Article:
Getting the message across

IN today’s tough tech environment, the two-minute business pitch has become more vital than ever, a fact discovered by a group of university students last week.

Contesting the final of the World Championships of e-Business Pitches, students had just two minutes to pitch their original idea to a panel of judges, many of whom had started their own IT firms with an innovative idea and a pitch to a venture capitalist.

The heads of some of WA’s most successful technology companies, including, METHOD, Pretzel Logic, Sanford Securities and PIVoD Technologies, heard pitches about e-textbooks, barcodes, digital photography and CD burning.

UWA engineering and commerce student Karyne Wong won the four-person final with an idea to use mobile phone short message services to book tickets to performances and events.

Coordinator Dr Jamie Murphy said the ideas pitched were a big improvement on last year’s event. He said although research and attention to detail were important in the speeches, enthusiasm was vital.

“So much of it is enthusiasm and how you sell yourself,” Dr Murphy said.

Sanford Securities chief executive officer Steven Goh agreed. He said venture capitalists didn’t invest in the idea, they invested in the person.

Mr Goh said it was a tough market, both in Australia and globally, for individuals to gather support for e-business innovation, but it was possible.

“If you look at the capital market it appears a lot of it has dried up. But I think there is still a lot of investment happening,” he said.

“It’s important to understand that after this massive shift one way, into a boom, and then a massive correction afterwards, there is a middle ground out there. There is real business out there being conducted online. There are 40,000 users logging onto Sanford’s website each day, for instance.”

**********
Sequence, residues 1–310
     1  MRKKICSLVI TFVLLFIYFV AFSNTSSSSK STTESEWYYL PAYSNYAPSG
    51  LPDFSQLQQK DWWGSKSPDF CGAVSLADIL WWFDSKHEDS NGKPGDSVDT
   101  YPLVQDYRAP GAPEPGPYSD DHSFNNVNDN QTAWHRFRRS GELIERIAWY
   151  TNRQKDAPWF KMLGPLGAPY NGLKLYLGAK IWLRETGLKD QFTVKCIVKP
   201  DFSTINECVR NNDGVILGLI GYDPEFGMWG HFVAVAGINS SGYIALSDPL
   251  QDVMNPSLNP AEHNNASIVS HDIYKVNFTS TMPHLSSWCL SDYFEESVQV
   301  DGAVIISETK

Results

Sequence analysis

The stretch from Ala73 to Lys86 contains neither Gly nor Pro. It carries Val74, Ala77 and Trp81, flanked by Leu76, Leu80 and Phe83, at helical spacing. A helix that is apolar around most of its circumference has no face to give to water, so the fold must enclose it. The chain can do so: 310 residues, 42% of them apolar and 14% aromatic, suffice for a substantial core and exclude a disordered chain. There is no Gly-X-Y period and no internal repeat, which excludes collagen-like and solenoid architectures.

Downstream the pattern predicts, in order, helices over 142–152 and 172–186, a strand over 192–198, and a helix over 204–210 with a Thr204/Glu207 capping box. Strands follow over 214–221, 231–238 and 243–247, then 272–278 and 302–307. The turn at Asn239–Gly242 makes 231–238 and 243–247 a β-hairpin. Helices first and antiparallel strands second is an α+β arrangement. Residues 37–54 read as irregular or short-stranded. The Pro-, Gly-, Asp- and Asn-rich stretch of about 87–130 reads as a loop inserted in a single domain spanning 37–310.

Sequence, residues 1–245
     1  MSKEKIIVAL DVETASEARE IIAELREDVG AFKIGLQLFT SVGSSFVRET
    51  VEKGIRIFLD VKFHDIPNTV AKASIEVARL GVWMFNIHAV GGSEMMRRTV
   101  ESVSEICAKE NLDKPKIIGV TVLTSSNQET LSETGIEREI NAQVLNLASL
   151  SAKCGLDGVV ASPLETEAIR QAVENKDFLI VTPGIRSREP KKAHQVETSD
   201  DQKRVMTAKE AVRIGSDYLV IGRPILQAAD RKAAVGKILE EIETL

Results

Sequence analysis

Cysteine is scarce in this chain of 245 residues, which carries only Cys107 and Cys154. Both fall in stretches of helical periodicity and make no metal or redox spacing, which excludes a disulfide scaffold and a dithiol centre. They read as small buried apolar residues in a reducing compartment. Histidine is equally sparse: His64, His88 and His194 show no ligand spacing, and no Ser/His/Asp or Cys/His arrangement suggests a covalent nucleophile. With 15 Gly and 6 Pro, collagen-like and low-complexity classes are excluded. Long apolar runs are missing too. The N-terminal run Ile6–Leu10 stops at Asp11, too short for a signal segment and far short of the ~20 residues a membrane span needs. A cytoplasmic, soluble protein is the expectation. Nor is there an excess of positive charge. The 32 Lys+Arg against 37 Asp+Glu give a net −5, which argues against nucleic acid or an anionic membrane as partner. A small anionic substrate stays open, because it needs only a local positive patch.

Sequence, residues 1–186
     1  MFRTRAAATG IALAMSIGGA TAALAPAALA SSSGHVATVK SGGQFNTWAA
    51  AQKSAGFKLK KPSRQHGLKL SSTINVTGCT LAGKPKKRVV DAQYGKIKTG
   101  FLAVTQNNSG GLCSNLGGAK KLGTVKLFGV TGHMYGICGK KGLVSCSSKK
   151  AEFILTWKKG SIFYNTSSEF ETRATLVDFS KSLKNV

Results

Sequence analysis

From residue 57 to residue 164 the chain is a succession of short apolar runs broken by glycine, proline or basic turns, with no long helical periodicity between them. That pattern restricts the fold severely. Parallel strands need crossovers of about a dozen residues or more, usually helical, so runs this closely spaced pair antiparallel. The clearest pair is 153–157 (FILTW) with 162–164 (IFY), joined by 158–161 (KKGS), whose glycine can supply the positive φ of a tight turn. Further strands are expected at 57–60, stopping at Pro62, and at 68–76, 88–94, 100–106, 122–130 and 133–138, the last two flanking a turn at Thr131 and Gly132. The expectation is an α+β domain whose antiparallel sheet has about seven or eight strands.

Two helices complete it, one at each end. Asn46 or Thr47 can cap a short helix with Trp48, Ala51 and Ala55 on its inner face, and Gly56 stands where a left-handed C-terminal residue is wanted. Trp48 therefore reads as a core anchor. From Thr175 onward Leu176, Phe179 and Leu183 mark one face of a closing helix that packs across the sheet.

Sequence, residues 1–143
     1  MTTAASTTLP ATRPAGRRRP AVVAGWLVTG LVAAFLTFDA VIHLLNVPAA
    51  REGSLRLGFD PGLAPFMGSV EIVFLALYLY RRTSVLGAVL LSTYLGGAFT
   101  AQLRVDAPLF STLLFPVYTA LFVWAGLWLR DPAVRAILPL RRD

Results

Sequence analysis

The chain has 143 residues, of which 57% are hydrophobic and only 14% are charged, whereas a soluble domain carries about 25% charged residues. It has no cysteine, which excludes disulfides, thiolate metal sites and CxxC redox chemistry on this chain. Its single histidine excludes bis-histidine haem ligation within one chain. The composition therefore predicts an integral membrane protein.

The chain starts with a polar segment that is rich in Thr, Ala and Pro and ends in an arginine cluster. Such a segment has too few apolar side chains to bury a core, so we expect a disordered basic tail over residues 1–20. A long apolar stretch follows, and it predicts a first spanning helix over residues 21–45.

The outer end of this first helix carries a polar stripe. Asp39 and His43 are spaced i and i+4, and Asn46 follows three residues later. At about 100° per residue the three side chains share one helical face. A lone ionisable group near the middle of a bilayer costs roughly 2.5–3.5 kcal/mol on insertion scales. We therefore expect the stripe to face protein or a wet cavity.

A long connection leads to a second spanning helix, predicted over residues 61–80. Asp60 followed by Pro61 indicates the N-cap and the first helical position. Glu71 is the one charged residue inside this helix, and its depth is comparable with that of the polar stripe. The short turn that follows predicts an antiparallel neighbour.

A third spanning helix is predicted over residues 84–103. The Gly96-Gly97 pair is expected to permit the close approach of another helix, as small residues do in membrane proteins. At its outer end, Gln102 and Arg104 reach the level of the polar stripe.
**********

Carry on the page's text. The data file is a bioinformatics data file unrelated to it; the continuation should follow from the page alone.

However, Mr Goh said the days of two-minute pitches might be over.

“We went through a stage when the two-minute pitch was characteristic of the business world,” he said. “But I think these days a two-minute pitch gives you 15 more minutes of attention. It gives you a foot in the door for more time.

“But if you can’t deliver you idea in that 15 minutes, you’re finished.

“And I’ve done that before. I’ve been in Sydney having 40 meetings a day and it’s not easy to always do it right.

“I think the two-minute pitch is very much from the US. It’s an American way of doing business, particularly in New York and on the west coast.”

Ms Wong said she believed her winning pitch about SMS ticketing was a feasible idea once the back-end details were worked through.

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